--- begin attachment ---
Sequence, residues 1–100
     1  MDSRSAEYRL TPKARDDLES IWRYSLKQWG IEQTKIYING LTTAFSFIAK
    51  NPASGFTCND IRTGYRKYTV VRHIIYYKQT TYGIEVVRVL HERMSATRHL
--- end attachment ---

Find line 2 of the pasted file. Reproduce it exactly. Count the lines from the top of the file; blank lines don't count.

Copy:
     1  MDSRSAEYRL TPKARDDLES IWRYSLKQWG IEQTKIYING LTTAFSFIAK